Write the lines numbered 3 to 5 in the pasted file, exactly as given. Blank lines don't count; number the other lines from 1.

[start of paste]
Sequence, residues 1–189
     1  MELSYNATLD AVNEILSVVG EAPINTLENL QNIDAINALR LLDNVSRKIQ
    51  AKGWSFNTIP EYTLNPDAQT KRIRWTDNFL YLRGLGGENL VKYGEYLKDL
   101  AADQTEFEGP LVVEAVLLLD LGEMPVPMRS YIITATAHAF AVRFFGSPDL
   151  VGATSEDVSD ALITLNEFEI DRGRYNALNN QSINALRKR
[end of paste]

    51  AKGWSFNTIP EYTLNPDAQT KRIRWTDNFL YLRGLGGENL VKYGEYLKDL
   101  AADQTEFEGP LVVEAVLLLD LGEMPVPMRS YIITATAHAF AVRFFGSPDL
   151  VGATSEDVSD ALITLNEFEI DRGRYNALNN QSINALRKR